small demons bookWith a name that sounds like a cross between a mobile game and rock group started by kids, the last thing you would associate Small Demons with is books. I certainly didn’t when I accidently fell into the site during my search for a different kind of book site.

Is Small Demons a different kind of book site? It gives us a different take on books we enjoy, and so it is definitely fresh. We all read books. Some of us devour them.

But more often than not we don’t go very deep into the people, places and things inside them. Small Demons goes behind the story, and picks up different threads and helps us discover where they lead.

Going between the pages

That was the guideline for Small Demons when it started up. But the one line Twitter bio better describes what we as book lovers stand to gain by using Small Demons – The people, places and things from books, and everywhere they can take you.

Small Demons is a California based startup that aims to help book lovers discover interesting things from all the other details that are given in a book. As a reader I definitely would like to discover more about the people, things, places that make up the story. Of course, I can easily Google for them individually, but Small Demons interconnects them seamlessly and makes the discovery process a breeze.

Creating a storyverse from a book

small demons book

Register and log-in. You can also sign-up with Twitter, Facebook, or simply your email ID. Small Demons is still building up its catalog of books. You can search for your favorite titles or click on one of the featured ones.

small demons website

Each book gets an entire page where you can check out at a glance:

  • People mentioned in the book.
  • Places mentioned in the book.
  • Music, movies, TV and radio shows, and other books.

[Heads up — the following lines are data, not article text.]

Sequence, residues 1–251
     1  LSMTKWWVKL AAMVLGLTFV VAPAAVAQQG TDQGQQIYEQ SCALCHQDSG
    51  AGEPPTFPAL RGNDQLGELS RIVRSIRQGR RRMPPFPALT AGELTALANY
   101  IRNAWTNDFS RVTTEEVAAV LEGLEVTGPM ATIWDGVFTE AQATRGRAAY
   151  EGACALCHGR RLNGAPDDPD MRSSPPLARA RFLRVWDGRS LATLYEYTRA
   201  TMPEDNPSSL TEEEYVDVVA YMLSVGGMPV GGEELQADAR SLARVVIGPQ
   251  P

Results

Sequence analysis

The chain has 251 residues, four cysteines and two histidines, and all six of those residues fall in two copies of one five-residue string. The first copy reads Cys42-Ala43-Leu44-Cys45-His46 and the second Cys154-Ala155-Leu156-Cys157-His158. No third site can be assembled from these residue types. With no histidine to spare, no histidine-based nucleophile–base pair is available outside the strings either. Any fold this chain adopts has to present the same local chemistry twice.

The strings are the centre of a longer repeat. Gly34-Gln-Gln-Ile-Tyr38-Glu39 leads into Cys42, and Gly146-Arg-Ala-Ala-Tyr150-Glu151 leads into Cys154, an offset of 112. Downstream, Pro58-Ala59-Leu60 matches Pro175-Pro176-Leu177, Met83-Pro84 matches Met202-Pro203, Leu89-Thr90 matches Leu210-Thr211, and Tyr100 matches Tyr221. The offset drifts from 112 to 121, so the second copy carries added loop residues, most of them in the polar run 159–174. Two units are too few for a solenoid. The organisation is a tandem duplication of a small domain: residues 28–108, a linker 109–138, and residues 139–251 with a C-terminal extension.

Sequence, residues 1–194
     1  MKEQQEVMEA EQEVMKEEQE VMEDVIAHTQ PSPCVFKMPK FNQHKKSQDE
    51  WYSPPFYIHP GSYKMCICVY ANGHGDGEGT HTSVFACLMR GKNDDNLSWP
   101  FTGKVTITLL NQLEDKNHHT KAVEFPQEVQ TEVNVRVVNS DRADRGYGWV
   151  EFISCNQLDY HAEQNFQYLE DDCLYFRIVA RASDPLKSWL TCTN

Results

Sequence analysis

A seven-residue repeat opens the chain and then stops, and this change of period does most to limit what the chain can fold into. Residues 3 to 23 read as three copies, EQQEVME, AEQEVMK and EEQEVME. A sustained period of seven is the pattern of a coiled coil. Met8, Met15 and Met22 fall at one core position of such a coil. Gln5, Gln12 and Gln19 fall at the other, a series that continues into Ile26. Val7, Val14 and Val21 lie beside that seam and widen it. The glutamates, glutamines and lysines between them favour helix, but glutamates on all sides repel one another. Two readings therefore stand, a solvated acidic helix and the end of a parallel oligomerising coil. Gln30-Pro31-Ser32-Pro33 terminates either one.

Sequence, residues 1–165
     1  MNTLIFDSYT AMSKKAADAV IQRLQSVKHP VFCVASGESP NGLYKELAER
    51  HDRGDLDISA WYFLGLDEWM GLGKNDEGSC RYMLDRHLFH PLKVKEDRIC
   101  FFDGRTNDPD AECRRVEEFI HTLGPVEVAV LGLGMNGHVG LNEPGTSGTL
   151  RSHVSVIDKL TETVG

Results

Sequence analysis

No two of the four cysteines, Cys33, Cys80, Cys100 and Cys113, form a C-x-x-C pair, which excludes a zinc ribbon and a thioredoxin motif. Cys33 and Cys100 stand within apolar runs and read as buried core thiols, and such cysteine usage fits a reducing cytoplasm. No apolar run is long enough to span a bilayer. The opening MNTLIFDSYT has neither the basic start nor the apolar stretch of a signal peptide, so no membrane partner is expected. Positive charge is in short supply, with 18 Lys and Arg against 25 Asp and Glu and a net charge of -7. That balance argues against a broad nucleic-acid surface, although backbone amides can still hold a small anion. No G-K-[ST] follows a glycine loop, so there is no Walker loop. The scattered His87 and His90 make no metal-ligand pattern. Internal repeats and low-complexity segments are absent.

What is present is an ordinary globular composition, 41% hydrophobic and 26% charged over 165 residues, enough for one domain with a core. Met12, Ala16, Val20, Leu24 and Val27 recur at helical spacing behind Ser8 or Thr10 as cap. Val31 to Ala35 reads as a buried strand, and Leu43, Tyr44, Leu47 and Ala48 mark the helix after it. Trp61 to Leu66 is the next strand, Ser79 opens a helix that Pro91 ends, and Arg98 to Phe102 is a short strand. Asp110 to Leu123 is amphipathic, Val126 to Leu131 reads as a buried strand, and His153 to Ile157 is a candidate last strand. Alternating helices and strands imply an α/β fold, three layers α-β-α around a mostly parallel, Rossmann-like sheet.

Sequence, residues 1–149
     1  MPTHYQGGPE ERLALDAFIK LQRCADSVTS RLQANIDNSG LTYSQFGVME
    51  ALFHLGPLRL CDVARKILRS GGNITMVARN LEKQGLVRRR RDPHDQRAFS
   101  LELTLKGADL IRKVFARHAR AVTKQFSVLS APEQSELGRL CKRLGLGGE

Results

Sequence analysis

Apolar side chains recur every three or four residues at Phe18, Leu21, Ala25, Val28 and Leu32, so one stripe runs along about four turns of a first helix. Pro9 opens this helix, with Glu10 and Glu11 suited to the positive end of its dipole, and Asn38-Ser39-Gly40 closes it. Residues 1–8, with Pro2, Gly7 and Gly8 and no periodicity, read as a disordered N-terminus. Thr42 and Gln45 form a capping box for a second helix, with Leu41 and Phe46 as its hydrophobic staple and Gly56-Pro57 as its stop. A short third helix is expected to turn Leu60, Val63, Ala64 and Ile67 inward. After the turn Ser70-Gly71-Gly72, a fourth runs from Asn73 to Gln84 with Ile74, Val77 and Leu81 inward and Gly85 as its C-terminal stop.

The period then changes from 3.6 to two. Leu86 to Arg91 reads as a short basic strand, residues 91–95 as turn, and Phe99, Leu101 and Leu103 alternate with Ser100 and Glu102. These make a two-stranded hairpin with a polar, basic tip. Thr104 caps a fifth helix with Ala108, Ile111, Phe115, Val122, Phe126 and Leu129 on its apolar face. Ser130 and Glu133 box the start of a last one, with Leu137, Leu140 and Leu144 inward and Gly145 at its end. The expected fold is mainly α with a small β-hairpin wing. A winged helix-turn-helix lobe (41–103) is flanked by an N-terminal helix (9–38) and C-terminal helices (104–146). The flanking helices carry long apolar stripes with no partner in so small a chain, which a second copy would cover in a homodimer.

• Arts, documents, and other literature cited in the book.
  •  Events, clothing, and accessories.
  • Weapons, gadgets, and vehicles used in the book.

small demons website

Thus, the entire landscape of the book is broken down into its details. Each mention is back-referenced to the particular passage in the book as the screenshot shows you.

small demons website

Just this page serves as a jumping off point to discover more – like movies, history, music, and of course more books as they get referenced here. It’s not only books but you discover more about people, places and location, and things by drilling down into the sections on the site. Each mention is tracked back to its mention in fiction or non-fiction.

For instance, the following screenshot from the Places section of the site shows you the kind of information you can scour for:

small demons review

I want to discover where Las Vegas takes me and in which books it gets mentioned. Here’s what I got:

small demons book

Small Demons stands out as a mashup of books, movies, Wikipedia information, shopping sites, and more. As the site says, for every newly added book there are approximately 250 people, places and things referenced. So, there are lots of things you can potentially discover. Wannabe writers might find the site interesting too, as it gives them a tool to deconstruct a story and look at the single-pieces that makes the story possible.